The California Republican Party does not have to change its voice, or alter its values, but rather strengthen the communication among volunteers, operatives, and activists throughout the state. The Vidak Victory needs more vetting, CA GOP. Learn from this election win, and take back your state!
Comments to date: 10. Page 1 of 1. Average Rating:
3:24pm on Monday, September 30th, 2013
Vidak Victory Needs More Fact Checking. Republicans outnumber Democrats 3 to 2 in District 16. Republicans have 45 percent of the registered voters compared to the Democrats 30 percent registered voters. Contrary to this article, the district is majority white at 52 percent versus the Latino 35.7 percent. I would say that Vidak got politically clobbered and barely won a race he should have dominated. I guess everybody should be asking why Leticia Perez came dangerously close to beating Vidak when Vidak had so much more support.
Please check your facts. If the Republicans are looking toward the future, they will replace Vidak with a Latino Republican than is more believable or some other Republican that can appeal to people outside the party. Come on, Vidak won 52 percent of the vote in a district that is 52 percent white and 45 percent Republican. And that is after promising amnesty to illegal aliens. I think people see Vidak for what he is, that is why he almost lost a race that should have been a sure thing.
11:31am on Wednesday, September 25th, 2013
What is the truth to you? The truth to me is his voting record. He wants lots of cheap labor, water for his ranch, doesn't care about increasing minimum wage, votes to protect pedophiles over victims. He would have to actually help people to be effective. He can say all he wants, until he effectively helps these people, he just another politician interested in his own image and agenda. Big Hat, No Heart.
Arthur Christopher Schaper
2:33pm on Sunday, September 22nd, 2013
I regret your insistence on not recognize the truth of this matter.
Legislation must hold all criminals accountable, not just those in the private sector. Mr. Stone, if you care about all kids, as you claim to, then pressure all legislators to present legislation which will extend statute of limitations on all institutions, public and private.
7:37am on Saturday, September 21st, 2013
Just because you don't like the truth, you label it as invidious.
Step on the necks of victims and the poor, then prepare for truthful remarks you may not like.
For the record, maybe you should point out what you think I am lying about. People please, don't be an invidiot; don't support the guy who supported the pedophiles.
7:19am on Saturday, September 21st, 2013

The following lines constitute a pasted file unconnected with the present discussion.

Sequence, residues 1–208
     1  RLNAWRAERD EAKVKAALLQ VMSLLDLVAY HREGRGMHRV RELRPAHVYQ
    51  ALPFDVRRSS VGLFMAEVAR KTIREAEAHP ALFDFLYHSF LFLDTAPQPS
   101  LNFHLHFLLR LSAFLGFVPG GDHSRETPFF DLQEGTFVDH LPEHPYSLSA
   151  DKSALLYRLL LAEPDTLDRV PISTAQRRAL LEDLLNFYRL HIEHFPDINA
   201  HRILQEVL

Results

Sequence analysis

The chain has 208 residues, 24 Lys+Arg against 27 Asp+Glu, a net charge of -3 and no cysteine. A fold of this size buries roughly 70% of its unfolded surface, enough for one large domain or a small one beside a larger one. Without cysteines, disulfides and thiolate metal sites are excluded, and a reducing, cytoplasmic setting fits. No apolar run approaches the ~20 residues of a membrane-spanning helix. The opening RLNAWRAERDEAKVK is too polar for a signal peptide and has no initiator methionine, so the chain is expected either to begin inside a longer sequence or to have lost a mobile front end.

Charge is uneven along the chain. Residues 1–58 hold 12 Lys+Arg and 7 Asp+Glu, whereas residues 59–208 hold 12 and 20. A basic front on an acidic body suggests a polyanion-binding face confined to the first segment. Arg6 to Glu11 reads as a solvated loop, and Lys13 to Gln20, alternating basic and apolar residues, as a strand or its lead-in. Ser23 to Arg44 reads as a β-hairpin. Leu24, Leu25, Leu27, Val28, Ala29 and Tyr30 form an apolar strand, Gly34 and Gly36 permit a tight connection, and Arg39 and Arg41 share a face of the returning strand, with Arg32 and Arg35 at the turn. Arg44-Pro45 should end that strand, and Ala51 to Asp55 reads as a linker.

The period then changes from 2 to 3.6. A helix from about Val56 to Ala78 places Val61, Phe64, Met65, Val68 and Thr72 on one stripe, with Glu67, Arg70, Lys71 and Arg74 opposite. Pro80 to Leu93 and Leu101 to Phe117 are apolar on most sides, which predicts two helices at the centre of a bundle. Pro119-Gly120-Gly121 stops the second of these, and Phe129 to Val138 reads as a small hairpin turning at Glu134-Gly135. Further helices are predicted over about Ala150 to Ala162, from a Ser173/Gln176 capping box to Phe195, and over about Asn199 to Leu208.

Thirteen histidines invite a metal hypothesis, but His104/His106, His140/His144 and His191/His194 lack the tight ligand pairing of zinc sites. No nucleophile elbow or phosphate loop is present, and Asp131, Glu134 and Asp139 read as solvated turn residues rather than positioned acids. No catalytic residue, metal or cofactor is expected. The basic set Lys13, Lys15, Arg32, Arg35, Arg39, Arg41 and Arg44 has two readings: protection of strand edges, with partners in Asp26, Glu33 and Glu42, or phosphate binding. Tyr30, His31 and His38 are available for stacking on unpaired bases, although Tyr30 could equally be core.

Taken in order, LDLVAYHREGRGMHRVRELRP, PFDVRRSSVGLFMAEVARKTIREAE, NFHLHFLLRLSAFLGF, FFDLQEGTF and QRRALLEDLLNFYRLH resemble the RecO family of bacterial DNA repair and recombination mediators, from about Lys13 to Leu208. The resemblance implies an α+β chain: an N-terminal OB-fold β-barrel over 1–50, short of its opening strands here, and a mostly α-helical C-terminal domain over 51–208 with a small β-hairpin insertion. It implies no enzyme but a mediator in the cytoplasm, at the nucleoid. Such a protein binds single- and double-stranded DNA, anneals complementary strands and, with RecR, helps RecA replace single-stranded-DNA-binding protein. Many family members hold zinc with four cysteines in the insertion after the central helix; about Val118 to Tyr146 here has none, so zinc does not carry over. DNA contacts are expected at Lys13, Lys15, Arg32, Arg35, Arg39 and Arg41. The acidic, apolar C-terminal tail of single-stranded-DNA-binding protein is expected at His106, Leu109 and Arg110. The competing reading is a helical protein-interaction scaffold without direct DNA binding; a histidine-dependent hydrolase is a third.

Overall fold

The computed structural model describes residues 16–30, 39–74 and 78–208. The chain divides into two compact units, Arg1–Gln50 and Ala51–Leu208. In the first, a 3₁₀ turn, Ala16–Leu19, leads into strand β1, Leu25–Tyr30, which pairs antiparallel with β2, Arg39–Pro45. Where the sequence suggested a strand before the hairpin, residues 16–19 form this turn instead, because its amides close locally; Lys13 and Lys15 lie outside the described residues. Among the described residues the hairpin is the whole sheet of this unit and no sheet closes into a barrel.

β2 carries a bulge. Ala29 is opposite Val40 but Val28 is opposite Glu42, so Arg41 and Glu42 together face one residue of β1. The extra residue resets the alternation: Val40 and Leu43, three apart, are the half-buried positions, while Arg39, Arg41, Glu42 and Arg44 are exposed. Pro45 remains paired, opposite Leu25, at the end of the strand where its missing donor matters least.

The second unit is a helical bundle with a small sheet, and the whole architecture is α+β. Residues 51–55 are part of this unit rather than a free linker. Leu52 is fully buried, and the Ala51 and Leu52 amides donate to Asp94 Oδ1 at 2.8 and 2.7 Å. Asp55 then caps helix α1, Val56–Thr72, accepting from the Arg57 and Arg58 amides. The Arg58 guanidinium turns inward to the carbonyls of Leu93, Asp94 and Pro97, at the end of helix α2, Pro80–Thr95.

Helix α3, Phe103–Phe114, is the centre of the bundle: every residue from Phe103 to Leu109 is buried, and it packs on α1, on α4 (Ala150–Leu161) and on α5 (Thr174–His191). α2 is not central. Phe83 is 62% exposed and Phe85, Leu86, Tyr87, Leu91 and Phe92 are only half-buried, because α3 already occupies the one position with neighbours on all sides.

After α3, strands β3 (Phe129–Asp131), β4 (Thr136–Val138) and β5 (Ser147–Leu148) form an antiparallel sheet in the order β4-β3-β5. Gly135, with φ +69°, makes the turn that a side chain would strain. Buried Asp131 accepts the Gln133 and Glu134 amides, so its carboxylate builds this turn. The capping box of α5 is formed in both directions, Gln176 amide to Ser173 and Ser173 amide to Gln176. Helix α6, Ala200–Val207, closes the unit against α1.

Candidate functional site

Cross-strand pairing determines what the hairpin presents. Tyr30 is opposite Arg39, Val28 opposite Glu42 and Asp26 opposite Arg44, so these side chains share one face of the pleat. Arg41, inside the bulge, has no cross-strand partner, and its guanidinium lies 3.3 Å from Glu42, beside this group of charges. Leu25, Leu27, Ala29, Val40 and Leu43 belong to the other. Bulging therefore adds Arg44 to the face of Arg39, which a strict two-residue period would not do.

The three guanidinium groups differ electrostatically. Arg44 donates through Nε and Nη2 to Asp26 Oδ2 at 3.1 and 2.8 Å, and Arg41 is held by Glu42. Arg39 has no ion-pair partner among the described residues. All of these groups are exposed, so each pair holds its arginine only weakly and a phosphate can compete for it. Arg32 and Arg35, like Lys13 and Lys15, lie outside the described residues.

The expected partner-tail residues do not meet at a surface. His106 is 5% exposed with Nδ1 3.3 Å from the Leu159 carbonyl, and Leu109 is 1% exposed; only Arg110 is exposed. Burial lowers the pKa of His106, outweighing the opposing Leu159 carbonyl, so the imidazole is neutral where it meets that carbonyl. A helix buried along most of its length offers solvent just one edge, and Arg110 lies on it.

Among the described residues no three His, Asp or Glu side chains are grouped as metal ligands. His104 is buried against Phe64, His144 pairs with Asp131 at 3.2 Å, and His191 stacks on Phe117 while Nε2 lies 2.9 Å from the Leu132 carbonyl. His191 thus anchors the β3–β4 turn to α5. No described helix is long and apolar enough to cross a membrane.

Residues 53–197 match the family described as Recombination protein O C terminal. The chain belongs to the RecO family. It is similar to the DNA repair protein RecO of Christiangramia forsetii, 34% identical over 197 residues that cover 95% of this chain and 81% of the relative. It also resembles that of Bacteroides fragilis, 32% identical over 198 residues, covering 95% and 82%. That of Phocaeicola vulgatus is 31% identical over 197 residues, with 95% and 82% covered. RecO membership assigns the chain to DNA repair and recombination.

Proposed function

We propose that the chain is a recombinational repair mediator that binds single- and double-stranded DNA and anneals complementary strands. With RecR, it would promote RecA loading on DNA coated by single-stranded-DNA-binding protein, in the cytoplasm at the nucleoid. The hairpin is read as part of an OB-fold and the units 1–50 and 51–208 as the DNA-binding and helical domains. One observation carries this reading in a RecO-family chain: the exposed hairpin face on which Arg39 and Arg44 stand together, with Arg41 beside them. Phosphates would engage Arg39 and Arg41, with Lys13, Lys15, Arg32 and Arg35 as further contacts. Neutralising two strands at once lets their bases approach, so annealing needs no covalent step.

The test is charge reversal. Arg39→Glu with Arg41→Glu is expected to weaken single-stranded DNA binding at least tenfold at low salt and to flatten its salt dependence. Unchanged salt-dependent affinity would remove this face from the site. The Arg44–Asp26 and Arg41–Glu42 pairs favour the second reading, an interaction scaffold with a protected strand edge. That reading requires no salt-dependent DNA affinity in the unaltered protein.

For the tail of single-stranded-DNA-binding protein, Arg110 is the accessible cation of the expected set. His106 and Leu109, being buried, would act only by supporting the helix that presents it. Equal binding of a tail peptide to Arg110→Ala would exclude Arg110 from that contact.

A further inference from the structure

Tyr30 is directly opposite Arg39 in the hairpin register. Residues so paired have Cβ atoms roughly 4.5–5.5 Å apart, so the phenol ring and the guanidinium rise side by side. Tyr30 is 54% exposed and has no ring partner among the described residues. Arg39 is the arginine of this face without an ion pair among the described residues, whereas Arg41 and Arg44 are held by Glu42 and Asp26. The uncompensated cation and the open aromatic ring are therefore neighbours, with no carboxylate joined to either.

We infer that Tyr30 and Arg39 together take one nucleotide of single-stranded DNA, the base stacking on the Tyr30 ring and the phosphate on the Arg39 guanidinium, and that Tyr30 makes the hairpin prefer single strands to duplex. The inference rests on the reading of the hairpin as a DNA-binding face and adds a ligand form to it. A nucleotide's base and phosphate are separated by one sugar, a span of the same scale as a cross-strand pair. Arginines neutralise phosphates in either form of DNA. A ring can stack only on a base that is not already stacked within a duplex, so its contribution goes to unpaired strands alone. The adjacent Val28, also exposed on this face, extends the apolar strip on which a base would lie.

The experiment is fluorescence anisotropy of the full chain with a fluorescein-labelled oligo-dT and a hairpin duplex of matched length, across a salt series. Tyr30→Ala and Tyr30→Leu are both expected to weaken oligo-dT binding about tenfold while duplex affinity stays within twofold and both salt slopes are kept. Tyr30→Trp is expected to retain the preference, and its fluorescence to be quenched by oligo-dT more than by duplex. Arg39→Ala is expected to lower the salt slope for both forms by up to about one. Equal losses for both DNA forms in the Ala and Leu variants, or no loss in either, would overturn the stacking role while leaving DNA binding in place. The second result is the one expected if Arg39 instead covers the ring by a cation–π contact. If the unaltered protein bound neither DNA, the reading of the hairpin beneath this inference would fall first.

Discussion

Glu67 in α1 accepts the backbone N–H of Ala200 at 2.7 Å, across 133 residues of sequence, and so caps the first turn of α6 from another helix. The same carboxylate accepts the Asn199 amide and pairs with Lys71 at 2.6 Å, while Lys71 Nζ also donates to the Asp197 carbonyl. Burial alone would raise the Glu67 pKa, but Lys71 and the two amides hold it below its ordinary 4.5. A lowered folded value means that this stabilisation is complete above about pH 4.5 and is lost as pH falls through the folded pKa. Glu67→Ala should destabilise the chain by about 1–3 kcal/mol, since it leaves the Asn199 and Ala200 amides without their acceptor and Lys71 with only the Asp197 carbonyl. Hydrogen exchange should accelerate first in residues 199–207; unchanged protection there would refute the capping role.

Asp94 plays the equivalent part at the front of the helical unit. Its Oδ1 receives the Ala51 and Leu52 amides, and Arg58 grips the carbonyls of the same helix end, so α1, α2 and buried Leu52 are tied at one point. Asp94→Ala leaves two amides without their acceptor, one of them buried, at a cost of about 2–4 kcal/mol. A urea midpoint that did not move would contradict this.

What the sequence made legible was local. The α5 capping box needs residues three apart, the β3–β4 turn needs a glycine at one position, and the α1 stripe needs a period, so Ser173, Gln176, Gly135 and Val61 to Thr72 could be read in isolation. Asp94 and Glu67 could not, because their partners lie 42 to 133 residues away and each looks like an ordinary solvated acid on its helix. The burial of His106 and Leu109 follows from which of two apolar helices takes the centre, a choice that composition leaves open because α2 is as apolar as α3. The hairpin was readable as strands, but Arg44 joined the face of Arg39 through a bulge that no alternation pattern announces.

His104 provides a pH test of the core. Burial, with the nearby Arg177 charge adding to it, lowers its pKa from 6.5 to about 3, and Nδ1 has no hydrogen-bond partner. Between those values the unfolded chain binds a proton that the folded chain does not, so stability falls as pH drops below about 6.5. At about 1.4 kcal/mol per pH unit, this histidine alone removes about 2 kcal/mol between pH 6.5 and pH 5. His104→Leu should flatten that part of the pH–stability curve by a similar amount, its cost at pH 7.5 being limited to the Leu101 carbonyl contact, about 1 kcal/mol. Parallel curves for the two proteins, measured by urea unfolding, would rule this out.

Sure, Vidak wants to help all kids, thats why he voted to help no kids. Vidak should also feed all children by feeding no children. The fact is, Vidak voted to protect pedophiles and voted against the recent minimum wage increase in California. Perhaps this was also his special way of looking out for the weak in his district. All Hat, No Heart. Andy Vidak isn't interested in protecting children, public or private. The proof is in the pudding. Check his voting record; always aligned with the rich: cheap labor, cheap water,protect pedophiles (and especially the institutions that shuffled them from school to school.)How does Vidak feel about Sandusky? Maybe Vidak should propose a bill to release the few pedophiles we have in custody, because Vidak wants to protect all of the children, not just some.
This is just another callous issue you and Vidak will overcome, regardless of how many victims you step on to sell your paper or get elected.
Arthur Christopher Schaper
10:14am on Monday, September 16th, 2013
I finally got in touch with Vidak's office and received an anwer. He voted against Senate Bill 131 because the bill extended the statute for private and non-profit agencies only, not for public schools or other institutions.
Vidak wants to protect all kids, not just the ones harmed in private institutions.
Your invidious remarks about Vidak are reprehensible and false.
Arthur Christopher Schaper
5:50pm on Thursday, September 12th, 2013
How can you possibly insinuate such arguments about Vidak? Every voter should care about all three in this order: child victims, supermajorities, bullet trains.
Our youth are victimized by this tax and spend supermajority, one which just passed legislation permitting individuals of decided genders to choose the bathroom which they use in public schools. We have to be very careful about extending the statute of limitations, for fear of federal lawsuits. I am going to call Vidak's office and find out why he voted against that bill.
7:07am on Thursday, September 12th, 2013
Where are the "family values" in letting pedophiles run rampant in California? I thought his Vidak's dad was Superintendent of Education somewhere. I guess I care more about child victims than bullet trains or supermajorities. That doesn't make me a liar.
Arthur Christopher Schaper
4:45pm on Wednesday, September 11th, 2013
Your invidious remark is a lie.
Vidak represents the interests of Central Valley voters, and every voter who wants an end to the Bullet Train to Billions Wasted, among other nonsensical Democratic Supermajority projects.
2:45pm on Wednesday, September 11th, 2013
Vidak seems to care about water, he doesn't care about children. He just voted against SB 131 to try to protect pedophiles from lawsuits. If I had a cherry orchard, I'd vote for Vidak. But if you have children, you might want to support someone who prioritizes people instead of cherries. Vote for anybody but Vidak. Anybody.